Gender Identity is a person’s internal and individual experience of gender. This is different than ‘sex’, or the anatomical classification of people as male, female or intersex, usually assigned at birth. The term ‘trans’ is used to describe persons who identify with a different sex than the one assigned to them at birth. The use of the words woman and women in this project are inclusive of trans women. The term gender-diverse refers to persons whose gender identity is at odds with gender norms, including those who do not place themselves in the male/female binary.  

Anti-Racist and Anti-Oppressive (ARAO) practices work to challenge, prevent, eliminate, and change the values, structures, policies, programs, actions, and behaviours that perpetuate racism and oppression, and in particular Anti-Black racism in our society.

Intersectional feminism asserts that gender equity cannot be reached without understanding how the systems holding power in our society exclude and oppress certain women because of their multiple and intersecting identities. In practice, intersectional feminism requires challenging and resisting the systems, institutions, and cultural traditions that dismiss the experiences of women on the margins, such as Indigenous, Black and racialized, disabled, im/migrant, transwomen and LGBTQ2+ identified people.

Intersectionality is a framework for understanding how multiple forms of discrimination intersect to create a disproportionate impact for certain groups of people based on their identity and social location. Kimberlé Crenshaw first began using this term as a way to explain the multiple forms of oppression collectively facing Black women survivors of violence in the United States.

Decolonial and anti-colonial frameworks acknowledge the violence and genocide perpetrated under colonialism and settler-colonialism towards Indigenous peoples in Canada and in the Global South. Decolonization is the intentional process of working to oppose, challenge, and replace colonial oppression in its many shapes and forms in our society and relationships. Committing to decolonial practices means acting in concrete ways to resist colonial oppression in solidarity and support of Indigenous communities.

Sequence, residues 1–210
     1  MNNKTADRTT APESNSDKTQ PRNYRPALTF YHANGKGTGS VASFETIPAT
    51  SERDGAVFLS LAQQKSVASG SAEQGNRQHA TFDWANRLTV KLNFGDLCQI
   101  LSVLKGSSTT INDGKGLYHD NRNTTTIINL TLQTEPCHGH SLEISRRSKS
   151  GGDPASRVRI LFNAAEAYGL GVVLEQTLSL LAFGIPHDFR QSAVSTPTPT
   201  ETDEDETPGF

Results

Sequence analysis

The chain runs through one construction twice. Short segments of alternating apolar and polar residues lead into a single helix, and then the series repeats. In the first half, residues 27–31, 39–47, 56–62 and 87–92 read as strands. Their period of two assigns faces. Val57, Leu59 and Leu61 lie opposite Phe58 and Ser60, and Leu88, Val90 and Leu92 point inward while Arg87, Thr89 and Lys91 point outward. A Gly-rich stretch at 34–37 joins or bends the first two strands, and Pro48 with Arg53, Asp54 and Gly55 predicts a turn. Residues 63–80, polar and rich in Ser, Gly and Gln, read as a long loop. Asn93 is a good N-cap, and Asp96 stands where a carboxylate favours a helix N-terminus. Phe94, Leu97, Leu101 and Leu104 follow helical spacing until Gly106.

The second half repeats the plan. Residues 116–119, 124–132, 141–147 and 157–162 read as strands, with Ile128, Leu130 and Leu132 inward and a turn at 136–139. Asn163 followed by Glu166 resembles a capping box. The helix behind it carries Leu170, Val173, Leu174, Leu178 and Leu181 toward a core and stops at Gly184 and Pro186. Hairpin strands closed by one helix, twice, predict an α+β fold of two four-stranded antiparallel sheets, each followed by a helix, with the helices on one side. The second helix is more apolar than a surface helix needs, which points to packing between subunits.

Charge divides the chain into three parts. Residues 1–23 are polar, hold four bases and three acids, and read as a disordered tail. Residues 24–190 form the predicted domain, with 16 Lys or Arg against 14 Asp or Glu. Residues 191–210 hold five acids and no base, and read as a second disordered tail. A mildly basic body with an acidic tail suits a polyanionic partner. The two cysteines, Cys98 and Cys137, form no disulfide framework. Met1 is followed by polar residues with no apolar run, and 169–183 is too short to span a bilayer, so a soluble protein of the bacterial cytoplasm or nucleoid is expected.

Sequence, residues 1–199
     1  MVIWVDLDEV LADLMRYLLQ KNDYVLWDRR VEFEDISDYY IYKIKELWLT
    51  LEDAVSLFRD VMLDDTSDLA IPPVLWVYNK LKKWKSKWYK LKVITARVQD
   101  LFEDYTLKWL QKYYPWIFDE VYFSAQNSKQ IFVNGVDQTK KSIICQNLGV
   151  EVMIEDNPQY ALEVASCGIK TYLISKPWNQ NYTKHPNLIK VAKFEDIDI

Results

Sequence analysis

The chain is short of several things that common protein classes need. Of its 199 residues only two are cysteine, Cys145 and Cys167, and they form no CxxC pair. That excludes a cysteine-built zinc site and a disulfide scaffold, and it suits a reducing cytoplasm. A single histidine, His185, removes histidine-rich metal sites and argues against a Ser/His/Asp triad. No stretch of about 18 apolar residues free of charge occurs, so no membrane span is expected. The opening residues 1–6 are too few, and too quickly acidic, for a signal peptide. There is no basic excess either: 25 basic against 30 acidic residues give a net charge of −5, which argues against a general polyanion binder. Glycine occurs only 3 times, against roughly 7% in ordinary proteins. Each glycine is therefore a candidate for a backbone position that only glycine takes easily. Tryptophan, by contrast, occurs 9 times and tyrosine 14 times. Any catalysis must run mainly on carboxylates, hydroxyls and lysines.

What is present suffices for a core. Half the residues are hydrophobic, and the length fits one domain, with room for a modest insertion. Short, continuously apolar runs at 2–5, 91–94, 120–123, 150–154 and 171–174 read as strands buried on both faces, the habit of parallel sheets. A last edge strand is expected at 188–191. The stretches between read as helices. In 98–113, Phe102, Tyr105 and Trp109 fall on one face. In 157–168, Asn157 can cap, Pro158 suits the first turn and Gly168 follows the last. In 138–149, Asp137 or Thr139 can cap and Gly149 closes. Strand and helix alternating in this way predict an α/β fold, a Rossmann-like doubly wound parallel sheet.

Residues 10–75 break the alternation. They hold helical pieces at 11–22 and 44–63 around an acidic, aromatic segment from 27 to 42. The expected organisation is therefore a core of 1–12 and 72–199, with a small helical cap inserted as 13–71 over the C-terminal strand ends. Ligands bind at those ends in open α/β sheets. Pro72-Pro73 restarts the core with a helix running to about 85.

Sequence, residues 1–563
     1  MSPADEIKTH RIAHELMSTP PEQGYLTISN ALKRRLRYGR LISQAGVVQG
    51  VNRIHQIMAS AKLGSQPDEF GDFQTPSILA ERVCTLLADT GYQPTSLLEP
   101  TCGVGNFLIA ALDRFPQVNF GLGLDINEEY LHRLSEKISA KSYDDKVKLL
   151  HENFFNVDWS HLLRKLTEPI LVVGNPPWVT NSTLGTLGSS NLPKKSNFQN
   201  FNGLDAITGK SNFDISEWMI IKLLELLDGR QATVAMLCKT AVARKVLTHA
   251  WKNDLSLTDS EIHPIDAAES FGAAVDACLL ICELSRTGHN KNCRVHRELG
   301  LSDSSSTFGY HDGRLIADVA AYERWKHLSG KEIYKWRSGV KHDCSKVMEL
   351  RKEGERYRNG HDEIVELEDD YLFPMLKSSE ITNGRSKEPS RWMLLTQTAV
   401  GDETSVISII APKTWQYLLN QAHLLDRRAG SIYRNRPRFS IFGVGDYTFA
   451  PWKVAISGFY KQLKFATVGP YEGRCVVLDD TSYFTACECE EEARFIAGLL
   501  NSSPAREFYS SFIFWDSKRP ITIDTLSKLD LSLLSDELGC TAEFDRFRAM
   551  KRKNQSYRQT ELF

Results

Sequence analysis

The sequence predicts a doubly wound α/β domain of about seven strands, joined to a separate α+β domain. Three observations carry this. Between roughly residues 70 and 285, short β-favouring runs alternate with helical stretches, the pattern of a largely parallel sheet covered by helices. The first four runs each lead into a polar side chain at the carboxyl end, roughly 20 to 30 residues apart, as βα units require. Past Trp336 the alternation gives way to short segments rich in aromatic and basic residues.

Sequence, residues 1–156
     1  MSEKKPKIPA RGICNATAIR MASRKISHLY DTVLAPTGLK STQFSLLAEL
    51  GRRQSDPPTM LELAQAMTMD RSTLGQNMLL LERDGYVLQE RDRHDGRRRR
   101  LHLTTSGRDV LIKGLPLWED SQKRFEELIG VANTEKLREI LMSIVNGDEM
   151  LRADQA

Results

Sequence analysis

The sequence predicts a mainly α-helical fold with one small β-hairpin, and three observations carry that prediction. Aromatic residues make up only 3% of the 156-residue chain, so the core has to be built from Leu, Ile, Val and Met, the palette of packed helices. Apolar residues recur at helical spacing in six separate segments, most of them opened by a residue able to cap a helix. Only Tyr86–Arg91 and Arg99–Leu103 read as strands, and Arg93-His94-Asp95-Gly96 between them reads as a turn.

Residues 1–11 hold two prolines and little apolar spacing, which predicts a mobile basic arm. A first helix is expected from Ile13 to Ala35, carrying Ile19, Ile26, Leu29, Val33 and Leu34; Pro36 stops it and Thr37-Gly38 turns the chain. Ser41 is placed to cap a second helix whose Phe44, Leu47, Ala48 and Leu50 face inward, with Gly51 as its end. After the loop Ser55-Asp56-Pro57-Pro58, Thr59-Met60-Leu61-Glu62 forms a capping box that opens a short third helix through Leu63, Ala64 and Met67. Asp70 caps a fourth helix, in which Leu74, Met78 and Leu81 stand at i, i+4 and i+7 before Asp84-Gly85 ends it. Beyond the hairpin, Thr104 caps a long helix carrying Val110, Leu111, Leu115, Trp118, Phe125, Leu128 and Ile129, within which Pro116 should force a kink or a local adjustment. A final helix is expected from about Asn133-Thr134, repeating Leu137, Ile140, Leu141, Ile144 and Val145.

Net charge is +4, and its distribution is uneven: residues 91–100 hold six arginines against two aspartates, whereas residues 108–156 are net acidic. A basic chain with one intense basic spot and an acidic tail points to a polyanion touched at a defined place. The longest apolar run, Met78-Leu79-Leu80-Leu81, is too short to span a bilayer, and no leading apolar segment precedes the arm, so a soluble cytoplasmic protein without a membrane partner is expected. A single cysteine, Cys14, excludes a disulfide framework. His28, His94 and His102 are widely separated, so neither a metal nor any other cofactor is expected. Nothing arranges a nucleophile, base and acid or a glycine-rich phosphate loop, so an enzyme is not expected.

Racialized is used as a term to describe people who are non-White and encompasses all people who self-identify as racialized. People can be racialized not only based on skin colour but also other perceived characteristics such as their culture, language, customs, ancestry, country or place of origin. Typically, racialized is not used to describe First Nations, Métis or Inuit peoples within Canada, but may include Indigenous peoples from the Global South. 

Racialization refers to the process by which societies construct races as real, different and unequal. Racial categories are not based on science or biology but on differences that society has chosen to emphasize.

The word refugee is inclusive of asylum seekers, displaced people, refugee claimants, status and/or resettled refugees. 

Im/migrant is an umbrella term used to describe persons who are not born with Canadian citizenship. This includes those who have moved away from their place of usual residence temporarily or permanently, including those without a legal immigration status.

Precarious immigration status is an immigration status in Canada that is temporary and does not entitle the person to full legal rights, protections, and services. Some examples of precarious status include: refugee claimants, temporary residents, migrant workers, international students, sponsored individuals, and those without an immigration status.

Systemic change is about dismantling the structures that hold inequities in place, such as the laws, policies, institutions, cultural norms, and practices that create unjust conditions within a community. Such inequities are based on race, gender, class, (dis)ability, sexual orientation, gender identity and expression, and other personal characteristics and factors. Structural change seeks to rebuild these systems and structures in order to make our society a more just and equitable one. 

This project is funded by Women and Gender Equality Canada.